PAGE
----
Evidence presented at the Jackson-Denno hearing showed that Robbins was interviewed by a Paulding County Sheriff's Office investigator.   The state presented the investigator's testimony, and the videotape of the investigator's interview with Robbins was played for the trial court.   According to the investigator, Robbins went to the interview voluntarily and was not placed under arrest until the conclusion of the interview.   The investigator informed Robbins of his Miranda rights, Robbins signed a Miranda waiver form, and at no time during the interview did he ask for an attorney.   The investigator testified that he offered no hope of a benefit in order to get Robbins's statement.   According to the investigator, Robbins's wife was a POST-certified probation officer with the City of Douglasville.   She disclosed to the investigator the information she had received from Robbins and that she had told Robbins that she would not leave him if he gave a statement to the investigator.

Although Robbins contends that his confession to the police investigator was not freely and voluntarily given because his “police/wife” promised the benefit of no divorce if he gave the statement, the fact that Robbins was married to a law enforcement officer has little relevance under the facts of this case.   Robbins's initial confession to his wife was not made in police custody nor was she present during his interview with the police investigator, which is the statement at issue here.   Furthermore, the trial court was authorized to conclude that Robbins's wife was acting as a wife and mother, and not an agent of the state, when she asked Robbins about his interaction with her daughter and subsequently encouraged Robbins to confess.10  “ Numerous cases hold that Miranda is not implicated when a suspect in custody is questioned or encouraged to confess by a father, mother, wife, or girl friend.” 11  Thus, notwithstanding that Robbins's wife was a law enforcement officer, and pretermitting whether he gave a statement while in custody, his statement was not made under governmental coercion and is not inadmissible for that reason.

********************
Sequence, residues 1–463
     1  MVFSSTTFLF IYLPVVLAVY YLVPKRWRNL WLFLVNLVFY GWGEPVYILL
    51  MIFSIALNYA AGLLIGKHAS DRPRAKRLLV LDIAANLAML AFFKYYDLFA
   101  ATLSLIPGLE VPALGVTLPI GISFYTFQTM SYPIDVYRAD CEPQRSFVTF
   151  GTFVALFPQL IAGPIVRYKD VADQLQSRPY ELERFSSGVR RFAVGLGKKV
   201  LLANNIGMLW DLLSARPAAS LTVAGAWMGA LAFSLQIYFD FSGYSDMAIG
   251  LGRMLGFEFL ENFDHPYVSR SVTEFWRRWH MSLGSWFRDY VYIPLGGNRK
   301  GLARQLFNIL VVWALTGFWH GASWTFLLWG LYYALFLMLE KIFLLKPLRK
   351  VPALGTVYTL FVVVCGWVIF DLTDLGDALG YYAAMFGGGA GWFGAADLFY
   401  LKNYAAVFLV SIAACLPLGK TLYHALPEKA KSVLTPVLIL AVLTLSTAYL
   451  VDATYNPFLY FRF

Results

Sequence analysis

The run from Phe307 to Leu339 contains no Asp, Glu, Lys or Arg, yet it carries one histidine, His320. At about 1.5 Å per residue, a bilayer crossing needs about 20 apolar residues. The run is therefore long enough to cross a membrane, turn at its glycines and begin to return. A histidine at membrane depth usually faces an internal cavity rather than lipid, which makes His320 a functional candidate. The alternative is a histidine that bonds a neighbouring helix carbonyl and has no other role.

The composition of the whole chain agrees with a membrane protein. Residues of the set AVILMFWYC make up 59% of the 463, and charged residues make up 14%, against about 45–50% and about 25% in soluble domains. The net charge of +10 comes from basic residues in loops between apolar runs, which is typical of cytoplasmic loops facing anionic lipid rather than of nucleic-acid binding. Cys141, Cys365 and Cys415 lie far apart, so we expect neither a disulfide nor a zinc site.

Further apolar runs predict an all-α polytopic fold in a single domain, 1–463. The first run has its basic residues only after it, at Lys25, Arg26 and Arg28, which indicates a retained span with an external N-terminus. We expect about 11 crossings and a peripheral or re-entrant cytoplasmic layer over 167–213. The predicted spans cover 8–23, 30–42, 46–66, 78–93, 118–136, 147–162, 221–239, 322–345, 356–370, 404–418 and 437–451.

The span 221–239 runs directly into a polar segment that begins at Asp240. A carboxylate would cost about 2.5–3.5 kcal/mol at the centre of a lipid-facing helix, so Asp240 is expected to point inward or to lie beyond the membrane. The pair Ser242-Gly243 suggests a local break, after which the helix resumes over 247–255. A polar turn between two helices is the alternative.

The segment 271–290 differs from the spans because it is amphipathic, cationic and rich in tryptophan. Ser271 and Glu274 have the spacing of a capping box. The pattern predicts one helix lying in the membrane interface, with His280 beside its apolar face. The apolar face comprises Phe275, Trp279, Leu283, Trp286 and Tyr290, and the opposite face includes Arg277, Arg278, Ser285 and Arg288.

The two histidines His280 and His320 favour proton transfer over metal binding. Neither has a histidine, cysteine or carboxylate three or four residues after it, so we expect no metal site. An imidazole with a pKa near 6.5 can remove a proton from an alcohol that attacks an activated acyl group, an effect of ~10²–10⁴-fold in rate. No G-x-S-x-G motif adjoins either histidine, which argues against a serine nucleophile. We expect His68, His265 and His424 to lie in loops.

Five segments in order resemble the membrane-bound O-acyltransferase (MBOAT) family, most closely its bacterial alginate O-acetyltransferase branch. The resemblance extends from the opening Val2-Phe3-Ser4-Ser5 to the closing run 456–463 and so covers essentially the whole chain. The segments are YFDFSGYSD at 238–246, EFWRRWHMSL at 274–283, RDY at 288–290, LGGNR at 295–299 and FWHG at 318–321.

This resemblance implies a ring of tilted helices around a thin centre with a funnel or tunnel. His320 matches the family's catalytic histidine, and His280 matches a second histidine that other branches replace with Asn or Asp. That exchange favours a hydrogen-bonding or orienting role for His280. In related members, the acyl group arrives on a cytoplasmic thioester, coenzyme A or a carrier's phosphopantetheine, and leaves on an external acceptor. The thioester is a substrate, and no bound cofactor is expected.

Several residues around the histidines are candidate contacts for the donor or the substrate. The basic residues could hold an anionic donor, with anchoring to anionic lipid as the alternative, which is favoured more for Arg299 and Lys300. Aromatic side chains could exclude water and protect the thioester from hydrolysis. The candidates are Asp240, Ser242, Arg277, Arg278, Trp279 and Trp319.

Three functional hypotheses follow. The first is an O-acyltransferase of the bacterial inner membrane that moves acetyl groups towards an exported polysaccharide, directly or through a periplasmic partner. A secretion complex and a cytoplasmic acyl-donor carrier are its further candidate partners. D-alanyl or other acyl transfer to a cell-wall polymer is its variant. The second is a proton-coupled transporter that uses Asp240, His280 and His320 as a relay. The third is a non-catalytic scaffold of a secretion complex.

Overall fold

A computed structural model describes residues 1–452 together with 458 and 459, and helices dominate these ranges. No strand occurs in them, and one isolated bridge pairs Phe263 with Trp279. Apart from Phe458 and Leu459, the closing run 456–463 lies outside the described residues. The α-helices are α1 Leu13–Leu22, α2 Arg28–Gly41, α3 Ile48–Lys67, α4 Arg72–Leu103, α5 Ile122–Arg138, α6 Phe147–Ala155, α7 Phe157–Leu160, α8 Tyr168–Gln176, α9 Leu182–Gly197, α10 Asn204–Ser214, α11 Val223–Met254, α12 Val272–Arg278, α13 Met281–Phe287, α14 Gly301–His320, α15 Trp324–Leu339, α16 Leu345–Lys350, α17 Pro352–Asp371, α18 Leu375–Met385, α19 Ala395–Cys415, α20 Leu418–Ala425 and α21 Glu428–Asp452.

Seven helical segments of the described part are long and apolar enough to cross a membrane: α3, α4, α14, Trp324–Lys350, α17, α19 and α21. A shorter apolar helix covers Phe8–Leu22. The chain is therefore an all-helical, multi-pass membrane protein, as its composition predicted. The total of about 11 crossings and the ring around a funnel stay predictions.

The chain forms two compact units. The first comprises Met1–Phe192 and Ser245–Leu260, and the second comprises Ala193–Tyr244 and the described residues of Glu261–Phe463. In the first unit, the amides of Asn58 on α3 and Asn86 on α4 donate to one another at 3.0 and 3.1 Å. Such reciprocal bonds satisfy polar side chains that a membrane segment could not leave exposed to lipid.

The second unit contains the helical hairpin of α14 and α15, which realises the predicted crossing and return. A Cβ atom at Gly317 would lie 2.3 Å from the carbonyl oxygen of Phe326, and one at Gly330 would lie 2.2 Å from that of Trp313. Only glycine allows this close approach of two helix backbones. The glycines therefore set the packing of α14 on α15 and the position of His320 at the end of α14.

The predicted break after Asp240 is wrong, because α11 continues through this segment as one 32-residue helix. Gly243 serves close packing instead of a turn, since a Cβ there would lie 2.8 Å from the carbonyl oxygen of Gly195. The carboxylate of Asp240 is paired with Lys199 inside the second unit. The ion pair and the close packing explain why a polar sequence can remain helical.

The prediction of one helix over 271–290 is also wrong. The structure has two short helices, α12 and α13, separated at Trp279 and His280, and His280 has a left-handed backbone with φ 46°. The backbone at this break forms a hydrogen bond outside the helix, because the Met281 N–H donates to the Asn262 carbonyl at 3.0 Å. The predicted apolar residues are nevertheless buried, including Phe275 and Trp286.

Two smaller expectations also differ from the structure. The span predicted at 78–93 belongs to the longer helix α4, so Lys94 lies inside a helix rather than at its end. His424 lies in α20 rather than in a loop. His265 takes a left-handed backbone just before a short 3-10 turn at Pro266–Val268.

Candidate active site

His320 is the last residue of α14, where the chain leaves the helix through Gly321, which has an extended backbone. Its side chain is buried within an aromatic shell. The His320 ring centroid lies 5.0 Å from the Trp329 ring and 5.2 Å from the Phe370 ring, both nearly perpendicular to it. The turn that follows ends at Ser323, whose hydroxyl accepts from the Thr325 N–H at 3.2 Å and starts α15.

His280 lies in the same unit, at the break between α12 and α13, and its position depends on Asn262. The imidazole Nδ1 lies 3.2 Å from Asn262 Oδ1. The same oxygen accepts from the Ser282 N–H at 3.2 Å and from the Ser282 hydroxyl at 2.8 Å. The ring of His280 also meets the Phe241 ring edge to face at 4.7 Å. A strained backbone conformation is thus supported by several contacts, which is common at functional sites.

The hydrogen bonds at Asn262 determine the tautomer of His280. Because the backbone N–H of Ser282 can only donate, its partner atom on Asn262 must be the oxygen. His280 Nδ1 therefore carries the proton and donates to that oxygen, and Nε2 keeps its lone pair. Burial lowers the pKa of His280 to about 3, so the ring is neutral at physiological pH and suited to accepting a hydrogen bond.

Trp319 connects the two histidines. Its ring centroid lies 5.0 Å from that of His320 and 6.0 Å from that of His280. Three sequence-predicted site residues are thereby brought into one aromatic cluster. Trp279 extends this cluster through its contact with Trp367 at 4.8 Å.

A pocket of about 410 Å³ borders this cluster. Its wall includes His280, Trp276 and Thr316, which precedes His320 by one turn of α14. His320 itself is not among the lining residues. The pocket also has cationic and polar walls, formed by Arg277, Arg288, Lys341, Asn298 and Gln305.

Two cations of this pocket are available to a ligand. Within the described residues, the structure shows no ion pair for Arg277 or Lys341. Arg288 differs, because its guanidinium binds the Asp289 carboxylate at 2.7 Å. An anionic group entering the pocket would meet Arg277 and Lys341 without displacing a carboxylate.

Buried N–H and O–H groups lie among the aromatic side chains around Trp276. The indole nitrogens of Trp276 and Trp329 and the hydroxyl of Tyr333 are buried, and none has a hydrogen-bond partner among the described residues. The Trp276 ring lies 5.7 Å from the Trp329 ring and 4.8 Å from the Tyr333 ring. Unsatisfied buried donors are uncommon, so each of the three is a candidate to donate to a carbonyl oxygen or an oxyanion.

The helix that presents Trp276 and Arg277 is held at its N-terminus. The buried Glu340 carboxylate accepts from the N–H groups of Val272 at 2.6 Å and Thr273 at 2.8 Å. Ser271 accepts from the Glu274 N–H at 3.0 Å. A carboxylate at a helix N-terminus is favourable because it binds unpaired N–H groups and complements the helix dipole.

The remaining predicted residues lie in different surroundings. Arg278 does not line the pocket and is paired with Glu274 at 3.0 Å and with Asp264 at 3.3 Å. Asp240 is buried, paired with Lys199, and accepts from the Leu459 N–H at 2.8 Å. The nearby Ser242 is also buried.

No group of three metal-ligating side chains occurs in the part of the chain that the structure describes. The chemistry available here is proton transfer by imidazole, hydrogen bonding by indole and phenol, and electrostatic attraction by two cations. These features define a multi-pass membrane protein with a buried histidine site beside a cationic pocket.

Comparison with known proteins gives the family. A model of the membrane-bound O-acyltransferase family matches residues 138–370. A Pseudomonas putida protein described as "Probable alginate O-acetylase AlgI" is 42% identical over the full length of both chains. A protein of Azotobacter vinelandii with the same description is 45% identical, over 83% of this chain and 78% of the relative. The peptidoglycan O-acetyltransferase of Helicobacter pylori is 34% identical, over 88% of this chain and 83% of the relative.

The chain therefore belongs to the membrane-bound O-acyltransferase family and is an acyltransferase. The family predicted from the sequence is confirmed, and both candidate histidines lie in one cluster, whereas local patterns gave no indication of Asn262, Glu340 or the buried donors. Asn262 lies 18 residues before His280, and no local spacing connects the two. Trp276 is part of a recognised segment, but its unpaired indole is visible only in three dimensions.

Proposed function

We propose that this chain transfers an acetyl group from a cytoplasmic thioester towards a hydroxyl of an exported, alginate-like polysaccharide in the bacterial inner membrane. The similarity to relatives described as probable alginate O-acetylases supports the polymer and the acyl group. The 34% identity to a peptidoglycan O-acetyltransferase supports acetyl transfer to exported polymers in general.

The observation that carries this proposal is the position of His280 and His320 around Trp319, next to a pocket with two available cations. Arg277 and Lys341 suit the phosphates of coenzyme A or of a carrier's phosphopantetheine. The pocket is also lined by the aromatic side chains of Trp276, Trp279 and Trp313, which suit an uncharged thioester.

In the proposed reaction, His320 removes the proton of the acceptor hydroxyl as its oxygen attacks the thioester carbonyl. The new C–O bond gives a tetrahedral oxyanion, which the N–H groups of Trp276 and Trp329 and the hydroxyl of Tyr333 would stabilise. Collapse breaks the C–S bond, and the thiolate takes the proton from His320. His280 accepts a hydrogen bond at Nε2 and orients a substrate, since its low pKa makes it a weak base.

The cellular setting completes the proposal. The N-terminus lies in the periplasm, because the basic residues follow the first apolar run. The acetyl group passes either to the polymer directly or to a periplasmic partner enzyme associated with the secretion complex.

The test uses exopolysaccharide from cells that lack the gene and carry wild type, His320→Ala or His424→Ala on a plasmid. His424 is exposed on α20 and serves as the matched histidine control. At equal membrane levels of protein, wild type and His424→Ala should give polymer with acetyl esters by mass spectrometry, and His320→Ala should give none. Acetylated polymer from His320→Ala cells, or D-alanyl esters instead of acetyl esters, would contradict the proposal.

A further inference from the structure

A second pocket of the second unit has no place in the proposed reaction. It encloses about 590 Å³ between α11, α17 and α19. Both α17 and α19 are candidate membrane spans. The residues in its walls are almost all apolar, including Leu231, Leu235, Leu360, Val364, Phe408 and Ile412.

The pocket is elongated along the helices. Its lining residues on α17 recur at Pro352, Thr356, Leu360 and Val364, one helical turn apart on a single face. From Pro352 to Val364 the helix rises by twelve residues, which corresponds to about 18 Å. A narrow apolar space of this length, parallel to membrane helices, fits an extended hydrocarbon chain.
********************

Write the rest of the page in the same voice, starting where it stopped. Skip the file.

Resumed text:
Robbins also complains that his statement was not voluntary because it was made through “the hope of no divorce.”  OCGA § 24-3-50 provides that “[t]o make a confession admissible, it must have been made voluntarily, without being induced by another by the slightest hope of benefit or remotest fear of injury.”   A governmental actor is not required for a confession to be involuntary for purposes of this statute.12  Nevertheless, “[t]he phrase ‘hope of benefit’ generally means the reward of a lighter sentence.   Thus, confessions made under a promise of collateral benefit are not for that reason excludable.” 13  We conclude that Robbins's wife's promise not to divorce her husband, which did not bear on the question of punishment, was a promise of collateral benefit.14  It follows that the trial court did not err in finding Robbins's statement to be voluntary and in denying the motion to suppress.